Let’s look at the structure and schedule of payment by the winning bidders. They have committed Rs 2,541 crore. Of this, Rs 625 crore is upfront payment. Indeed, the lenders will get the money but it will be given as loan to two defaulting companies at 15 per cent interest. Another Rs 1,200 crore will flow to the lenders over a period of five years from the internal accruals of the two companies. After repaying the high-cost loan of the bidders, will the companies make enough money to pay up the bankers?
Among other components of the package are Rs 198 crore trade receivables, outstanding for at least three years. Another Rs 248 crore are advances given to “suppliers” which are group companies of the promoters — Llyods Steel Industries Ltd and Frontline Roll Forms Pvt Ltd — almost a decade ago.
These chunks are part of the payment plan to bankers when recovered, provided they are received within one year. If they are not received, they will be written off. Incidentally, some of the trade receivables and advances have been pending for several years.
Finally, Rs 270 crore will be realised in the form of subsidy from the state government. Receipt of this subsidiary has several performance conditions attached.
The operational creditors to whom the companies owe Rs 1,017 crore, have been promised a princely sum of Rs 3 crore! Essentially, the bankers are assured of Rs 625 crore and not Rs 2,541 crore. So, the hair-cut could be as much as 90 per cent and not 60 per cent as has been projected.
In the run-up this final bid, there were bids and counter-bids and the rival bidder, a consortium of Synergy Metals and Mining Funds, ART Special Solution Finances and Investment Opportunities IV Pte Ltd, had a Rs 3,300 crore resolution plan. It was rejected at it came late. JSW Steel Ltd and the Liberty House Group of the UK had earlier shown interest in bidding for the assets but they backed out.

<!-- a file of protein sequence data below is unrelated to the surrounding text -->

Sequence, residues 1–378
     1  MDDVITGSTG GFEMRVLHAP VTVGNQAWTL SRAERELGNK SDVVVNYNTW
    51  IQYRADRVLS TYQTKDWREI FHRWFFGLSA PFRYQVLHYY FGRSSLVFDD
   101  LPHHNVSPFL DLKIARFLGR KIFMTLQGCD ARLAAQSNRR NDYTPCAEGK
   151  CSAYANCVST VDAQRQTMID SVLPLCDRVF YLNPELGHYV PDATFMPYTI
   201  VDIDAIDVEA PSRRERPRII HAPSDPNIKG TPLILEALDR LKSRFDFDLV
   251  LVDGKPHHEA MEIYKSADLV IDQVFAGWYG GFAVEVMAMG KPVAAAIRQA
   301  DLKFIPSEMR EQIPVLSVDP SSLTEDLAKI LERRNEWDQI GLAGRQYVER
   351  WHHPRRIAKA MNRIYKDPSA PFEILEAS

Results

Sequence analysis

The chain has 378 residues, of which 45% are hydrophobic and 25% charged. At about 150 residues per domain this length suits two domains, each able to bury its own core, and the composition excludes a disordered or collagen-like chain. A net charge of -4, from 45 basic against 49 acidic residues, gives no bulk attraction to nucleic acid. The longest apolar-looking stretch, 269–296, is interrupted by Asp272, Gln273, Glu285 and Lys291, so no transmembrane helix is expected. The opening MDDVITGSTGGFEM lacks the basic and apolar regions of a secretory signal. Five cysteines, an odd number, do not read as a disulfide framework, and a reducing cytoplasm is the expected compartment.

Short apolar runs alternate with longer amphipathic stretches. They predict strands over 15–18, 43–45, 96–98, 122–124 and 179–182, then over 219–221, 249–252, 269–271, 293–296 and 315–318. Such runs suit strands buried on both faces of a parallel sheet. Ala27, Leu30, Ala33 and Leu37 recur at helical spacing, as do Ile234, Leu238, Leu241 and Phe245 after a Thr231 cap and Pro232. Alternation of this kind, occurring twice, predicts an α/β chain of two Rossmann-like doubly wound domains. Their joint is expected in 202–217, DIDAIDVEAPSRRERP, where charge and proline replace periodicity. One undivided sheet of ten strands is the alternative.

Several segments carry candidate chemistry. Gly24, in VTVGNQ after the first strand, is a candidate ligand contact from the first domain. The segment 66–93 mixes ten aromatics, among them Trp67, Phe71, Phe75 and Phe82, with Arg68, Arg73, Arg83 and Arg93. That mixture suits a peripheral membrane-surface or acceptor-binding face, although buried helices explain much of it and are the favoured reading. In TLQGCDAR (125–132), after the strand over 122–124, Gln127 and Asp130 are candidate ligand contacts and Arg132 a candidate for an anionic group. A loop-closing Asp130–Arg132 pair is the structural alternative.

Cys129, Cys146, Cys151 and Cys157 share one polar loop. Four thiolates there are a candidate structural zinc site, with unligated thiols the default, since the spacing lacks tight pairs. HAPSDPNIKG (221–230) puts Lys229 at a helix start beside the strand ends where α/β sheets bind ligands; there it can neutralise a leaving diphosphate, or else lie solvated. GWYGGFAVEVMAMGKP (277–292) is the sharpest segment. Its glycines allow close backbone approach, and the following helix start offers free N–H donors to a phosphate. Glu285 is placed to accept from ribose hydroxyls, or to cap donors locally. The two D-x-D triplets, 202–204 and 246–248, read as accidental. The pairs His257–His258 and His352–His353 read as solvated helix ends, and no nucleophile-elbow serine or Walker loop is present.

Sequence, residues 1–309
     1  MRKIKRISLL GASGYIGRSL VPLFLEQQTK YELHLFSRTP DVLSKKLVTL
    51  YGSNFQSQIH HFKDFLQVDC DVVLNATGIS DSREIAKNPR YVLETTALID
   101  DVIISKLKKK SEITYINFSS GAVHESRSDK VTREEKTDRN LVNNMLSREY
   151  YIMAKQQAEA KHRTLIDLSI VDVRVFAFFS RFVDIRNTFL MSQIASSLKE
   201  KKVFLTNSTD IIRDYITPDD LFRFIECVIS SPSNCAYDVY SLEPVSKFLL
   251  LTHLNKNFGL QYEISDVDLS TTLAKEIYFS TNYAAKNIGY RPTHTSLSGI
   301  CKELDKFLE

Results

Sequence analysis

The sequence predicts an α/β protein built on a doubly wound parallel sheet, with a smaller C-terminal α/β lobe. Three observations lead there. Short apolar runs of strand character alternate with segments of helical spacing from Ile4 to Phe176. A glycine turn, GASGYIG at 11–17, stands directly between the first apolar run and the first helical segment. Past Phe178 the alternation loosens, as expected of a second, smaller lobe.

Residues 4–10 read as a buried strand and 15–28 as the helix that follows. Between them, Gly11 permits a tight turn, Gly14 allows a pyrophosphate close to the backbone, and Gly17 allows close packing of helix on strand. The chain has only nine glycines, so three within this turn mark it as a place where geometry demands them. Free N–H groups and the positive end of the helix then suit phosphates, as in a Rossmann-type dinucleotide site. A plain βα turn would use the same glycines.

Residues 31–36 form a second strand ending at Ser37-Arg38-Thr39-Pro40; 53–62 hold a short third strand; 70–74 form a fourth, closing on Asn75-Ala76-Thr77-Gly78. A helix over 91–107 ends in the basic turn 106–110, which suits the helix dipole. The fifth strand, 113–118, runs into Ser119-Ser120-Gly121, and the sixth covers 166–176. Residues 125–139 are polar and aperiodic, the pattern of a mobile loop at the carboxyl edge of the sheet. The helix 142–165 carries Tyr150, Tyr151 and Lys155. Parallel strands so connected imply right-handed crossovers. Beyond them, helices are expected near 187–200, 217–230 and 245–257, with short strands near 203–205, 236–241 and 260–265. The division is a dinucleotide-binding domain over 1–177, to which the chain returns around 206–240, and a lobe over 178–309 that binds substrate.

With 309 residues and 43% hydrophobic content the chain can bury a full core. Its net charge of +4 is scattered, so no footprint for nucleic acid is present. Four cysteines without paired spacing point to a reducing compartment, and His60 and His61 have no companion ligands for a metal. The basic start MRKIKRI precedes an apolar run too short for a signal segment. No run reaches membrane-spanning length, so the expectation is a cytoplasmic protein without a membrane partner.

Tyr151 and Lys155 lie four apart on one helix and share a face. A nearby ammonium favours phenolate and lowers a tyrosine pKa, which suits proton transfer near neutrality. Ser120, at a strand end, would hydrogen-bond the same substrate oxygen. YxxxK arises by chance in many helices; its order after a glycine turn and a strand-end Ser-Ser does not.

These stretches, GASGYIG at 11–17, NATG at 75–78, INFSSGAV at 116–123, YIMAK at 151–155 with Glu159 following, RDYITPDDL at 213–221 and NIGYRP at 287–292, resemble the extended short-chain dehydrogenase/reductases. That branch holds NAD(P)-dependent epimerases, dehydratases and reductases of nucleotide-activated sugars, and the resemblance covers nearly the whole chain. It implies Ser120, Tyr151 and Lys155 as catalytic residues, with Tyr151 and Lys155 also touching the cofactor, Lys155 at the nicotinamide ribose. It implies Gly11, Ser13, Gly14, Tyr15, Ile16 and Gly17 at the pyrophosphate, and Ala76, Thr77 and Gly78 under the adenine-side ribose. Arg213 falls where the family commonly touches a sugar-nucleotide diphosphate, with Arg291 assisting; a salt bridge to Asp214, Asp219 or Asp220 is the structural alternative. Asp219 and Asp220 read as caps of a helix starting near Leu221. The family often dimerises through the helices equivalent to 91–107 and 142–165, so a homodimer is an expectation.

The key questions are:
# Why would Carval with at least $10 billion in assets under management and three decades of experience team up with Nithia which has just 1000 pounds net worth and no experience in this space?
# Did Nithia inform the banks that its chairman Johannes Sittard, known to be a close confidante of Lakshmi Mittal of ArcelorMittal, resigned in April? It seems that the resolution plan was submitted after his resignation.
# Nithia Capital founder CEO Jai Krishna Saraf lives in London. His Linkedin profile does not say much about him. Can he run a one million tonne steel plant?
# The resolution plan demands repayment of money to the investors with hefty interest ahead of anything else. Won’t that impact the company’s ability to pay back to the bankers?
# Why are Rs 248 crore (shown as advances) and Rs 198 crore (receivables) in the books of the company payable to bankers with caveats?
# Finally, why was the higher bid rejected even though it envisaged better payment proposal?
Allowing new bids after sealing the process leads to inordinate delays and kills the sanctity of the process but it also helps the price discovery. The debate on value maximisation versus early resolution will go on but other questions are relevant to appreciate this case. I understand that Bank of Baroda, Vijay Bank and a few others did ot agree with the plan which is contingent to a string of conditions.
Incidentally, the liquidation value of the two companies is around Rs 1,350 crore – more than double of what the banks are assured of getting from the resolution.